It is becoming increasingly clear that a substantial reservoir of carbon exists in the unsaturated zone of aquifers, though the total size of this reservoir on a global scale remains unquantified. Here we provide the first broad estimate of the amount of carbon dioxide gas found in this terrestrial reservoir. We calculate that between 2 and 53 PgC exists as gaseous CO2 in aquifers worldwide, generated by the slow microbial oxidation of organic particles transported into aquifers by percolating groundwater. Importantly, this carbon reservoir is in the form of CO2 gas, and is therefore transferable to the Earth's atmosphere without any phase change. On a coarse scale, water table depths are partially controlled by local sea level; sea level lowering therefore allows slow carbon sequestration into the reservoir and sea level increases force rapid CO2 outgassing from this reservoir. High-resolution cave air pCO2 data demonstrate that sea level variability does affect CO2 outgassing rates from the unsaturated zone, and that the CO2 outgassing due to sea level rise currently occurs on daily (tidal) timescales. We suggest that global mean water table depth must modulate the global unsaturated zone volume and the size of this carbon reservoir, potentially affecting atmospheric CO2 on geological timescales.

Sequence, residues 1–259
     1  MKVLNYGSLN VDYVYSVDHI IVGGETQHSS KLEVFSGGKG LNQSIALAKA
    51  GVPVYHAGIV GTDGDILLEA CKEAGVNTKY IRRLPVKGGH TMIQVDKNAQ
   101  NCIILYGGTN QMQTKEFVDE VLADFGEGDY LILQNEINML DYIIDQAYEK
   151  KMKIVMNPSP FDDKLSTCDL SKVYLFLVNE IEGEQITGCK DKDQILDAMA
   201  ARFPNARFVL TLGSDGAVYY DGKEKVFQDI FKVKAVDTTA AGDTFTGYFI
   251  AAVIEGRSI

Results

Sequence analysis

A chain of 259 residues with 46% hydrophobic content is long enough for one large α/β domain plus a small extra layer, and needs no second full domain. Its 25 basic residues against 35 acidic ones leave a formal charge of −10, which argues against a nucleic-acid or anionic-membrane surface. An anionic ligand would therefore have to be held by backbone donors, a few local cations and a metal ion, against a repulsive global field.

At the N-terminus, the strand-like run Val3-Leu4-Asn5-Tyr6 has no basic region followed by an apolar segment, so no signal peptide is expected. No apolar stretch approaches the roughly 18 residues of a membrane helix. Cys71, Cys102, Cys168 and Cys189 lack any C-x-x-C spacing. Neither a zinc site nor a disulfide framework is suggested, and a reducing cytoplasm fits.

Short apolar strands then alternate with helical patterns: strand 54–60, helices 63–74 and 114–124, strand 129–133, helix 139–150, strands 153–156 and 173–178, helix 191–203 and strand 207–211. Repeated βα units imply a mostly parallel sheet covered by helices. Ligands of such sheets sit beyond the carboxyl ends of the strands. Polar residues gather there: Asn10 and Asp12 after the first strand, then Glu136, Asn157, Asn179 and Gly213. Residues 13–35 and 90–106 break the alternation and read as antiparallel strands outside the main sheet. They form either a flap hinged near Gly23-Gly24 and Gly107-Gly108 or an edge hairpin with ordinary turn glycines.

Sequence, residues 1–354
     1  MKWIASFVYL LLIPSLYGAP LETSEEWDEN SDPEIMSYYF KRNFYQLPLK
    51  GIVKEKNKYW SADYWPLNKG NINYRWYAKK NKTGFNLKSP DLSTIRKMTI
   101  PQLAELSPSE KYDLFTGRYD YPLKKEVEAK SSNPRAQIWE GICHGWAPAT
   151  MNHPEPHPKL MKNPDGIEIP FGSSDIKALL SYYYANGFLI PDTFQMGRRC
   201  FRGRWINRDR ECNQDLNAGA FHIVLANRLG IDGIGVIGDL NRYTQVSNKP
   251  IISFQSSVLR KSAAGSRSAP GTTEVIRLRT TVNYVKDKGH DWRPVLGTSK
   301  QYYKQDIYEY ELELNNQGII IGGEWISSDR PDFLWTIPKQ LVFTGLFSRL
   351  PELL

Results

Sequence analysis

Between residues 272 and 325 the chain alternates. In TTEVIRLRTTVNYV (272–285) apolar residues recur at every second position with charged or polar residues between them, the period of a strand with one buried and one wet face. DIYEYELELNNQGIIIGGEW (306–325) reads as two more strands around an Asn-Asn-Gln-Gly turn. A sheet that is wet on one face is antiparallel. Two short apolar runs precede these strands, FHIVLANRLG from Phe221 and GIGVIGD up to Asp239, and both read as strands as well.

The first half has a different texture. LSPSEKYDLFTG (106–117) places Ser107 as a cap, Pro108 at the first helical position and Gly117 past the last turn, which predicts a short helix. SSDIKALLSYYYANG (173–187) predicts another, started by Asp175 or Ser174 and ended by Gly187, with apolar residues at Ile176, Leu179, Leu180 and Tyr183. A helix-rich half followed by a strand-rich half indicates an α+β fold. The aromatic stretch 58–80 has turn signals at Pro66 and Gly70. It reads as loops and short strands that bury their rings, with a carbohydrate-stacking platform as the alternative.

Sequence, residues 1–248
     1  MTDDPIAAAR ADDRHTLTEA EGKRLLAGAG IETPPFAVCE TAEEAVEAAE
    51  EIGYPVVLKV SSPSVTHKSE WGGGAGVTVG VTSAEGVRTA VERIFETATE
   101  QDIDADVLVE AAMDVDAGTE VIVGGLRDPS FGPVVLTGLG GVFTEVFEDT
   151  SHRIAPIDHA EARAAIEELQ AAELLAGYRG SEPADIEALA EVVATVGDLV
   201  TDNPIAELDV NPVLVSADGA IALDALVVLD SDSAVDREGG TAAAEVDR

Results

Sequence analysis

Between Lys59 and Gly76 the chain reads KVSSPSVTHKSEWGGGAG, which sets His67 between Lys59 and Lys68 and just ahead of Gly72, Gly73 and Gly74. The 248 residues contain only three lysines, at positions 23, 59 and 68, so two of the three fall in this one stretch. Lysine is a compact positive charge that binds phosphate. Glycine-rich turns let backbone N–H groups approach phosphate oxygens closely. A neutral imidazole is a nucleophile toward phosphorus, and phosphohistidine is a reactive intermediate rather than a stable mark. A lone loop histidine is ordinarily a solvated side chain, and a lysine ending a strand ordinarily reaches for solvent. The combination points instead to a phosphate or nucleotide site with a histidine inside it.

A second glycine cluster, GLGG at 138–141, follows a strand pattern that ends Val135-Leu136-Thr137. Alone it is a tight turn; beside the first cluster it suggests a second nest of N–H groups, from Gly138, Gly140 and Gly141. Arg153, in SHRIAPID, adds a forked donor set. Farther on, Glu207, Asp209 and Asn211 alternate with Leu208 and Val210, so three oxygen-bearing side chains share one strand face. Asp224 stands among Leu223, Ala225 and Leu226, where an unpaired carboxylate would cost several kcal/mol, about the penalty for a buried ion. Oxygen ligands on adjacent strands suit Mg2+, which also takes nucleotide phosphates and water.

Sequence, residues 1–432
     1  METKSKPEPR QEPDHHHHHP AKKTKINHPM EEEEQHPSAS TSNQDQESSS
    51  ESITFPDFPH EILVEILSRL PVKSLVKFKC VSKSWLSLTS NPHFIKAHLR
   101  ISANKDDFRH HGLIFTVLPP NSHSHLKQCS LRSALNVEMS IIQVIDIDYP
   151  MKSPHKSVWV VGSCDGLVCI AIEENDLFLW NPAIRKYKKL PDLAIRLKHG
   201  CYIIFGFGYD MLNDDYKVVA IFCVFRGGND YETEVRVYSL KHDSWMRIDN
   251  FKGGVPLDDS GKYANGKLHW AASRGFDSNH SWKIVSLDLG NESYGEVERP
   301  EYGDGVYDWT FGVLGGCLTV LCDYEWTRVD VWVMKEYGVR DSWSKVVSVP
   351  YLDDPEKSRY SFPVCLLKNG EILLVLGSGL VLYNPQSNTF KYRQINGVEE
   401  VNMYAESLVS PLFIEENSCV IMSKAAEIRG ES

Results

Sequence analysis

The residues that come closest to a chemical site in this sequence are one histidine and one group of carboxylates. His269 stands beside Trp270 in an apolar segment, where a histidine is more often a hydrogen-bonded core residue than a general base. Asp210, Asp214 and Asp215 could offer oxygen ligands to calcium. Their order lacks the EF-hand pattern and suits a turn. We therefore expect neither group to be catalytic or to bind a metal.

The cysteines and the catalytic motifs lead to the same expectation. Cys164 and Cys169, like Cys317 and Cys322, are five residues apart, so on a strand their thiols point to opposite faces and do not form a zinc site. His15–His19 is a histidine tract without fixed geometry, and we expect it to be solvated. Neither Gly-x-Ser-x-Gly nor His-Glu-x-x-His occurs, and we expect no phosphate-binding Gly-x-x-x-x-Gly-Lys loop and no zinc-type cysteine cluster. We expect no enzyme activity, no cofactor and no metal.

Baldini, J. U., Bertram, R. A., & Ridley, H. E. (2018). Ground air: A first approximation of the Earth's second largest reservoir of carbon dioxide gas. Science of the Total Environment, 616-617, 1007-1013. https://doi.org/10.1016/j.scitotenv.2017.10.218